"for in this our age experiēce & practise makes apparant that Archers amongest forreine Nations be neuer vsed, and the Halberd but either amongst fewe or fewe in number. The Archer serues to small purpose, but when he is shadowed with some Trench or Bulwarke free from Hargabuse or Mushet shet: Or that lyning a band of Hargabu∣siers, he doth second them in any inuading onset, and then a whole flight of Arrowes, so that they be light and able to flie aboue twelue score, will merueilously gaule any maine battaile of footmen or Squadron of Hors∣men,

"The Halberd likewise doth onely serue in the sacke of a Towne, in a breach, in a Sallie or Camnisado, to enter a house, or in the throng of a stroken battade to execute slaughter. Wherefore touching these two weapons, vnlesse necessitie constrame, and that Hargabusiers be wan∣ting, Archers may well be spared: and these great numbers of Halber∣diers and Bill men, which are and haue bin in times past vsed in Eng∣land, may well be left off, saue a sew to guard euery Ensigne, and to at∣tend vppon the Colonell, or Captaine, which man Army will amounted a suficient number to depresse and ouercome and flying enemy."


Interestingly, he does claim that an "old Romaine Shield and a short sharpe pointed sword" might be better in a close-quarters press than a throng, and he later goes on to mention situations where it might be useful for pikemen or arquebusiers to wear a light shield on their back, but again, he doesn't really seem to have considered these an important piece of kit:

Quote:
"Finally the Halberdier, who is armed either with Brigan∣dine or Corslet, ought of dutie to attend with his Halberd when his turne comes about his ensigne, in marching, & set Squares, in the Captaines Lodging and Tent for his guard, and at the entrance of a house &c. to bée the formost person to force the pas∣sage.

"But in a day of battaile the old Romaine Shield and a short sharpe pointed sword, to execute in a throng of men, excéedes the Halberd and browne Bill.

"Besides the pikeman which is armed all ouer with a Cors∣let, and is to performe his dutie in a maine Square, stand o•… Battaile, to receiue the shocke of horse men, or charge of the e∣nemies infanterie."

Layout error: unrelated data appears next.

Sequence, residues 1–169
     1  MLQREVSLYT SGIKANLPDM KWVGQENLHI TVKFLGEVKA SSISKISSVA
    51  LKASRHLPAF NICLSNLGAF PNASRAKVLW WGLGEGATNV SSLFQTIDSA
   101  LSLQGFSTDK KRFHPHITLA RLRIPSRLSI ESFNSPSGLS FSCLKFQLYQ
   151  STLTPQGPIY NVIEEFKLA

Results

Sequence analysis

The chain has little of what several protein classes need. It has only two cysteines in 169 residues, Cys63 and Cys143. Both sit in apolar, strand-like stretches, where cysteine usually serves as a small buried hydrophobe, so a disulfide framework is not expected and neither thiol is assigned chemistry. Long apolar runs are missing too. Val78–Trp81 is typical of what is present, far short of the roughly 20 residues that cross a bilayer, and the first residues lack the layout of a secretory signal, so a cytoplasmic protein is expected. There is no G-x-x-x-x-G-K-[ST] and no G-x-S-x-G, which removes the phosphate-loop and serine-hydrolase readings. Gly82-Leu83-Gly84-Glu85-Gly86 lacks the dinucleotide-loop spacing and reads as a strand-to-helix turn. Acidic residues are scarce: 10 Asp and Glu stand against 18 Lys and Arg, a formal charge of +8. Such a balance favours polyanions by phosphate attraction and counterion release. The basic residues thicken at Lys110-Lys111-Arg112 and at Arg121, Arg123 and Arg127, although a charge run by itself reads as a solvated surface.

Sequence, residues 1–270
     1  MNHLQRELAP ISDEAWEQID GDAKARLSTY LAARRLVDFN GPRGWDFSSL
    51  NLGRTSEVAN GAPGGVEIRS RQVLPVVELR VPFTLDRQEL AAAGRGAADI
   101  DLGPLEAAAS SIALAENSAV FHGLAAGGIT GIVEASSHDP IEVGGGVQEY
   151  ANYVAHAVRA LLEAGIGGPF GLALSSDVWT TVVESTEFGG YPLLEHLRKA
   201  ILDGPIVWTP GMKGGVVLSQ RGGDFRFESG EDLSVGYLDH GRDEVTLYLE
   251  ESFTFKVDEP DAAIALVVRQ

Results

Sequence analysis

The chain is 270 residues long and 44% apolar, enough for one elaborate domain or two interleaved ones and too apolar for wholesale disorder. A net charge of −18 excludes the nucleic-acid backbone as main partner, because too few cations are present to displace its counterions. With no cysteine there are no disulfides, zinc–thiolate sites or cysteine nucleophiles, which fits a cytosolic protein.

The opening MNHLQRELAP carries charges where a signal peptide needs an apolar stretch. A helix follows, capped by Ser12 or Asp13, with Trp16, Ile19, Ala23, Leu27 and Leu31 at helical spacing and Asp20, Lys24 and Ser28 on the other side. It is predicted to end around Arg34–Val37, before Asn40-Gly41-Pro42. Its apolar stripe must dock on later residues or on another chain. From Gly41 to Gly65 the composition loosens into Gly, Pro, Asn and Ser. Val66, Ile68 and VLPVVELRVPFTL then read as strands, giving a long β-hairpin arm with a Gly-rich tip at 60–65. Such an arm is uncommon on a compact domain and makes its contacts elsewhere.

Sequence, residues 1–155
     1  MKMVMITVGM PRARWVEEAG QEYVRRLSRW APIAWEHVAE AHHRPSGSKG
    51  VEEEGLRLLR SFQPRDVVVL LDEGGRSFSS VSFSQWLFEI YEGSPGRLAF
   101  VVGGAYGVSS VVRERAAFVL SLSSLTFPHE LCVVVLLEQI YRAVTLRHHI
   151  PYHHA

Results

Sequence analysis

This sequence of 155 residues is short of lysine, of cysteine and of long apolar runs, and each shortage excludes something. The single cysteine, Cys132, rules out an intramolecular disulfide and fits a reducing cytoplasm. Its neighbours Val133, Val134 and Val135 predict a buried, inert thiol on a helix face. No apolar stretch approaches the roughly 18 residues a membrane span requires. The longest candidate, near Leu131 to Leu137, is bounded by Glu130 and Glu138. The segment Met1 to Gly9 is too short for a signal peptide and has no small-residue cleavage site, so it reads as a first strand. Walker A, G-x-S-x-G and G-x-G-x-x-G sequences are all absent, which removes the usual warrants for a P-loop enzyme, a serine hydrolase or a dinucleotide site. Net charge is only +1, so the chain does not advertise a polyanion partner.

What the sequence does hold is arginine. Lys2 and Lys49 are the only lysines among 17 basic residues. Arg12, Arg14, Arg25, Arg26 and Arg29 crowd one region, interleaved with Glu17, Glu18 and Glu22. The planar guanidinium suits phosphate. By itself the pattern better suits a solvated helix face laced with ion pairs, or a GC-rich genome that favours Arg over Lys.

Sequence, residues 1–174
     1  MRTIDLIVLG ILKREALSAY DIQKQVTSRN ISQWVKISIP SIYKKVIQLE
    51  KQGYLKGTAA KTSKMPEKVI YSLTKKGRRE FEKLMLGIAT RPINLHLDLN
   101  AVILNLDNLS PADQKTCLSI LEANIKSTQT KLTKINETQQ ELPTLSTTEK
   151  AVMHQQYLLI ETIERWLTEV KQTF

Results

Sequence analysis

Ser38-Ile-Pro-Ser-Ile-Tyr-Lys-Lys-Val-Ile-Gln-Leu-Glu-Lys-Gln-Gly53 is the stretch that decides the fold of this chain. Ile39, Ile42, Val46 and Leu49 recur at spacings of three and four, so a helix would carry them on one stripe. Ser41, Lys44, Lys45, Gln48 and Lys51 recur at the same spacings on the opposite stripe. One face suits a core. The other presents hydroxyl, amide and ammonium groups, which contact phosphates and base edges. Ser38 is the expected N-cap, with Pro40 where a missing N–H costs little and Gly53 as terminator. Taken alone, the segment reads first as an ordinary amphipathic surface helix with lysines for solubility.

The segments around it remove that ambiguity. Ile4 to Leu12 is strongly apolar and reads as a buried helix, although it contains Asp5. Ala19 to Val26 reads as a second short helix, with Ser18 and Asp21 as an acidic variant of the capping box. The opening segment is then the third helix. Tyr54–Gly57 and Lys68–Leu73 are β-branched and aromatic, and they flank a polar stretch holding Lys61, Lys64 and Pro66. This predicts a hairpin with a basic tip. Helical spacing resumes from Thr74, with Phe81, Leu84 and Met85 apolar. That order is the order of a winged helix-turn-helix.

Quote:
"In plaine ground he shall neuer turne out any shot to the skirmish, without certaine sléeues of pikes to gard them vpon the retraite from the charge of horses, and also troopes of short weapons, as swords and targets, Halberds or such like to backe them, if at any time they should come to the sword, or ioyne pell mell with the enimie, and such were called of the Ro∣maines vindices, but if euery shot had likewise at his backe a light leather or Uenecian [Venetian?] target, to vse with his sword when he saw occasion, they would doe great good seruice."


Quote:
"Those battail∣lons which are most necessarie to be had in vse, ought to consist of pikes marching before the Ensigne, behind it and on ye flanks, carrying light Uenecian rundels and targets on their backes: and in the midst about the Ensigne the halberdeares must stand, prouided alwayes that the notable personages & good souldiers for seruice be dispersed as well in the flanks & behind as before, and not to put them all to one brunt in the front, as though they were immortall and not able to be ouercome. By this or∣der a battell shall be able to sustaine a charge of horsemen or footmen to repulse them, & after enter into the enimies throng: for experience declares that the pikes are made voide of seruice when the rankes be closed pell mell togither, for then the soul∣diers are almost one vpon the bodie & backe of another. Where∣fore if the pikemen should haue no other weapons but their pikes and swords, they should remaine naked, which doth moue me to commend the rondell to receiue the blowes: and to fight withall in any presse or throng whatsoeuer. The halberdeares may verie well fight in a presse likewise with their halberds, rather then the pikemen with their pikes: The which halber∣deares are expresly appointed for execution: and so consequen∣ly to follow the said rondels at the héeles, to frée them from the charge of those that be armed, through the great & heauie blowes which they shall giue with their halberds. But touching the rondels, I would haue them alwayes to thrust with the point of their swords, although it were but at the face, the legges and féete, if the enimie be not disarmed in other parts."